Lego to Ditch Plastic Bags for Paper Ones in Its Boxed Sets

Build back better? Lego pledges up to $400m for fresh sustainability drive

The LEGO Group is to invest up to $400 million over the next three years in its sustainability and social responsibility initiatives, covering both long-term investments and ongoing costs that includes its ambition to make all of its packaging sustainable by the end of 2025.

As a first step for the new programme, the company announced it would phase out single use plastic bags from its packaging. Monopoly maker Hasbro, for example, has also announced plans to eliminate plastics in its packaging.

From next year the toy company will start introducing recyclable paper bags, certified by the Forest Stewardship Council, to package its loose bricks.

"We can not lose sight of the fundamental challenges facing future generations", said Lego Group's CEO, Niels B Christiansen.

"The passion and ideas from children inspired us to begin to make the change", Lego chief executive Niels Christiansen said in a statement. The new paper bags are not only more eco-friendly, but also much easier for children to open.

Pressure has been mounting on the company to reduce its plastic packaging particularly since sales and profits rose during the coronavirus pandemic.

Lego said its investment would also go into educational programmes and efforts to make the company more sustainable in other areas. As part of this pledge it will expand the use of bio-bricks, such as those using sugar cane as a component. Originally trialled in the United States in 2019, Lego Replay saw bricks donated to more than 23,000 children nationwide and will now be rolled out in two more countries by the end of 2022. It will build on its work with organisations such as UNICEF, Save the Children and local partners to scale up programmes that give children-in-need access to play and opportunities to develop life-long skills such as problem solving, collaboration and communication. "Some of them we had to take apart with pliers and wrenches", Brooks said, referring to bricks made with bio-polyethylene.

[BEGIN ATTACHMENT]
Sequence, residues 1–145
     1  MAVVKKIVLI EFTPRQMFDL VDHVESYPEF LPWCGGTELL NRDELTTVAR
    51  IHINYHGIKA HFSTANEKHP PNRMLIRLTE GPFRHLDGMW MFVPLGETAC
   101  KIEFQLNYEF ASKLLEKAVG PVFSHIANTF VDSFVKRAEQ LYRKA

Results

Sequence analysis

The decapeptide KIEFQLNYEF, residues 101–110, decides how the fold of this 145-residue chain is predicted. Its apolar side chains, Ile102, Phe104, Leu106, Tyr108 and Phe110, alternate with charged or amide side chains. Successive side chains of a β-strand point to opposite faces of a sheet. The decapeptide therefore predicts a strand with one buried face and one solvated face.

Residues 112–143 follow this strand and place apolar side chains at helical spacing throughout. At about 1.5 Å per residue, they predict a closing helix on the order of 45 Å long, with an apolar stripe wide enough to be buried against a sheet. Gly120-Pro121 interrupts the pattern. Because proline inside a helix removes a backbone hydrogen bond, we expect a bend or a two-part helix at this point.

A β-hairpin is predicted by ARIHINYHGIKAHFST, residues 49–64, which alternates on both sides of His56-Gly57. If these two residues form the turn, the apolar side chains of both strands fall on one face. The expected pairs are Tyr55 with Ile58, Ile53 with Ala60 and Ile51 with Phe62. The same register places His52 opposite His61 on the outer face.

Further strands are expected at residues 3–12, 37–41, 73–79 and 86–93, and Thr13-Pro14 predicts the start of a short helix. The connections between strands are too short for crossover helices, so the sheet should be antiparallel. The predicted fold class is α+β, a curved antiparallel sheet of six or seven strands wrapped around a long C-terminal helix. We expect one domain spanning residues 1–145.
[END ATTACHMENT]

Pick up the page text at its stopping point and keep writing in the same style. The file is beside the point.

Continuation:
Lego's search for a suitable alternative to oil-based plastic has proven hard.

It is reportedly investing up to $400m (£310m) in the effort, with a team of 150 engineers and scientists now testing plant-based and recycled materials for potential use in making Lego bricks.

Big Question: Who invented LEGO and when?



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